This week’s featured media mogul in the making is the founder and editor-in-chief of sports new site, Sports As Told By A Girl, Ashleigh Binder. Learn more about Ashleigh’s journey below.
You are a multi-talented individual dipping and dapping in a bunch of other expressive fields. So, what was it about journalism or media that piqued your interest?
“First of all, thank you! Honestly, I never thought of journalism as a career. I was always obsessed with the media and how celebrities and athletes were covered. I was an avid sports fan as a kid and had a major opinion about them that I wasn’t afraid to express. As a woman I was always quickly dismissed for not possibly knowing as much as men do simply because I was a female and that lit the fire! I knew my purpose in life was to fight for equality for all women. Plus Beyoncé has a full female band and if you could be like anyone wouldn’t you chose Beyoncé?”
How did you get your start in the media field? Did you study communications in college? Internships? Hobby writing?
“I didn’t study communications until graduate school! I was a psychology major as an undergraduate student. I always loved creative writing and always had an opinion on sports. It wasn’t until I took a class my senior year of undergrad where I even considered writing my opinion on the internet. The class required students to maintain a website and that was it. I came up with the name, Sports As Told By A Girl, within minutes of reading the directions. It was the first college class that the professor told me that I was really good at something and should keep doing it. At first I kept it as a personal blog for me to write my thoughts. However, when I graduated and realized how hard it was to get a foot in the door in sports media, I knew I wanted to expand the site. I wanted other female writers who were also looking for a safe platform to voice their honest opinions.”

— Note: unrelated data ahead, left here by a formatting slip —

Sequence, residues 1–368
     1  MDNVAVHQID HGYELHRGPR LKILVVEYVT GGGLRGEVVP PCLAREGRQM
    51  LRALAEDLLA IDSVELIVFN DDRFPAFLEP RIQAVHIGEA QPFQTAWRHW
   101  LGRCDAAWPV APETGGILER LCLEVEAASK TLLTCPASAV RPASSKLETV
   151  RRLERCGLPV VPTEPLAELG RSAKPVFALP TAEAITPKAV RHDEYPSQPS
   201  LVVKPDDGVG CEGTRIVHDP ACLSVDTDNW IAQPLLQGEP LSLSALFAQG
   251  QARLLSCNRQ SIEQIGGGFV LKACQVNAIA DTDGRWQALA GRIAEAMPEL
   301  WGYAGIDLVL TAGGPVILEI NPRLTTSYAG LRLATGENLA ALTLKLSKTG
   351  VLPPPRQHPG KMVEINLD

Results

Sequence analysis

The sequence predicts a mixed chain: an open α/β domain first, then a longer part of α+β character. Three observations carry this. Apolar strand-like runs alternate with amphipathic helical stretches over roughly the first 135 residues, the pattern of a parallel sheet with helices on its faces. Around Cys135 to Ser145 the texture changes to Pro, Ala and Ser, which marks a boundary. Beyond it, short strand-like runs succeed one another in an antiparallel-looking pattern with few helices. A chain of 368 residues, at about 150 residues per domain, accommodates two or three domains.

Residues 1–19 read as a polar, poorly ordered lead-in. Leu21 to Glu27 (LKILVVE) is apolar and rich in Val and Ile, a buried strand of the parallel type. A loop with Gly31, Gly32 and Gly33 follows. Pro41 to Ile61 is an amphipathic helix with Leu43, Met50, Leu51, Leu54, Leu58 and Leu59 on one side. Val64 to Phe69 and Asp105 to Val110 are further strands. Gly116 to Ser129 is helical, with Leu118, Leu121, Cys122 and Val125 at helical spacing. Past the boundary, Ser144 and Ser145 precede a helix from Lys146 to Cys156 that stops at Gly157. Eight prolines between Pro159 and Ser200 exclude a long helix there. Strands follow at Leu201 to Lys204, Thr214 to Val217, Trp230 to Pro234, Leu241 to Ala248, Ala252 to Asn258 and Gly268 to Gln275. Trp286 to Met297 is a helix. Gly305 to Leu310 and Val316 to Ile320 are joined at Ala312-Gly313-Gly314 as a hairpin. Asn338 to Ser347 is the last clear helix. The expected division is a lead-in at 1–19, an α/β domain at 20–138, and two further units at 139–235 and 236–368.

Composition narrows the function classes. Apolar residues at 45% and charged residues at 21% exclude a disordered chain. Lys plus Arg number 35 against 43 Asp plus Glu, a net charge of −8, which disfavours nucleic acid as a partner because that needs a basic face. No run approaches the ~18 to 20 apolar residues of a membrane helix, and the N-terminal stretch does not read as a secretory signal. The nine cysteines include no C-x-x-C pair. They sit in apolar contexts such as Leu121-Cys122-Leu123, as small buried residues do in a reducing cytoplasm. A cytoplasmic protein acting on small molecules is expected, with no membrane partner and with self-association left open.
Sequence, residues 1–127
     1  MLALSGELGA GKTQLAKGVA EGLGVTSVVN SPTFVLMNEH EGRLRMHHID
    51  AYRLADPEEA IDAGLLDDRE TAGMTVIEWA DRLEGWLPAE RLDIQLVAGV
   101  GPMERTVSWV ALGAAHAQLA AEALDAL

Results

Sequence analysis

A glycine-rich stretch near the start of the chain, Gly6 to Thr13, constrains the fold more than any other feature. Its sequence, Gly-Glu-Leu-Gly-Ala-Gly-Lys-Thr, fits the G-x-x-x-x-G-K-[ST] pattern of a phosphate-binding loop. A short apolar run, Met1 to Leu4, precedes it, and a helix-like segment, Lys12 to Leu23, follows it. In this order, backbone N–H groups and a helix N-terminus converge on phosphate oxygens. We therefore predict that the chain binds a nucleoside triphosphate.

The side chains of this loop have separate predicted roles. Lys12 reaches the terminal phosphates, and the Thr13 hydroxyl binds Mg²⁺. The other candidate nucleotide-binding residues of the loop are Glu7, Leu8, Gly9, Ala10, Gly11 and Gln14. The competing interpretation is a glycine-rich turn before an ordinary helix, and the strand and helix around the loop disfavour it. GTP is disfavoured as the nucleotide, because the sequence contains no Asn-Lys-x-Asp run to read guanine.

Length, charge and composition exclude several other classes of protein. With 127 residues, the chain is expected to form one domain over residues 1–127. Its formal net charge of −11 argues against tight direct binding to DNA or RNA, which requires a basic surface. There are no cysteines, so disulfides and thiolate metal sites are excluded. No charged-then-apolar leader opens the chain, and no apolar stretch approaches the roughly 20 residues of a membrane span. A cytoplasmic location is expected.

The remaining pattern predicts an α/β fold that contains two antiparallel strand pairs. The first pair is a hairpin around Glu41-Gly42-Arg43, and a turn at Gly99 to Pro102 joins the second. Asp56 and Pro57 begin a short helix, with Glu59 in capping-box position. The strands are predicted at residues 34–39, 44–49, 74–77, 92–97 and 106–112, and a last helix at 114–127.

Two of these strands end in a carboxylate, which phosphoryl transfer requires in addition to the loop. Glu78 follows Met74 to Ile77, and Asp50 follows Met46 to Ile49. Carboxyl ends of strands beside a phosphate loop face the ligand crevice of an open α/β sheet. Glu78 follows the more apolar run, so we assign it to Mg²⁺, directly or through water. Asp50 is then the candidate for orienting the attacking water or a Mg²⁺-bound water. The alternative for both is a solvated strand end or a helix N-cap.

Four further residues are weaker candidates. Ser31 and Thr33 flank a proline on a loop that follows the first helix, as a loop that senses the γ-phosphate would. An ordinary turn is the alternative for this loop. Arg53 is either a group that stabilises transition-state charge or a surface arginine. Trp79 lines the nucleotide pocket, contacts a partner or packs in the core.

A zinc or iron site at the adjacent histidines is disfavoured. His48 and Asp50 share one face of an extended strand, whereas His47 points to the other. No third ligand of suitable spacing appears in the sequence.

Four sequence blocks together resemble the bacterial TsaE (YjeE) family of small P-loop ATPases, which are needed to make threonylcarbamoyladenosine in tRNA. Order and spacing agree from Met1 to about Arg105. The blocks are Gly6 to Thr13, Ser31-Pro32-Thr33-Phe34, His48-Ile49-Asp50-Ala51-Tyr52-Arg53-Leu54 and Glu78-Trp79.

Tell us how you built up your platform. What’s your mission/goals? Who’s your audience?
“My mission is to make a woman’s voice in sports a normal thing. It’s great that we’re shattering glass ceilings, but I can’t wait until a woman is hired and she’s not the first woman in the position or the first Black woman in the position. I think we are making progress towards that and I hope I am making even the smallest impact on moving the needle forward.
My audience is all sports fans. I want everyone from the casual fan to the most diehard, never miss a game fan to check out the site. I am hoping to impact young women who want to break into sports media or media in general, but need a push to get out there.”
So far throughout your career, what has been your proudest personal media moment?
“I have two. One is that I had articles featured on Bleacher Report which is one of the biggest media outlets and an app I have on my phone which I thought was so cool! It felt like they added legitimacy to my writing.
The second moment was just recently one of the women who used to write for the site reached out to me during the height of the protests and thanked me for supporting her when she wrote about the death of Stephen Clark in Northern California and how athletes responded to it. She told me she didn’t know if it was “appropriate”, but my support pushed her to write it. That was the moment all of the hard work was worth it. I want women to feel comfortable writing about difficult topics especially ones as important as police brutality. I want to be that support system that reminds women in a society that wants to suppress your voice, please know it needs to be heard.”
What advice would you give aspiring mediapreneurs looking to enter the field?
“Keep going. This is honestly the hardest part. Staying motivated can be tough especially when you feel like your social media accounts aren’t growing, but you have to push through. It’s okay if you need a mental reset or break, but don’t give up! We all need a break from staring at our phones and/or laptops.
Be kind to others and most importantly yourself. It costs you absolutely nothing to be gracious when people reach out. We need more kindness in this world. More importantly, don’t beat up on yourself. If you haven’t posted in a while or you haven’t felt inspired, you are not a failure in any way. People still want your unique content. Your work is important and don’t doubt your talent.”
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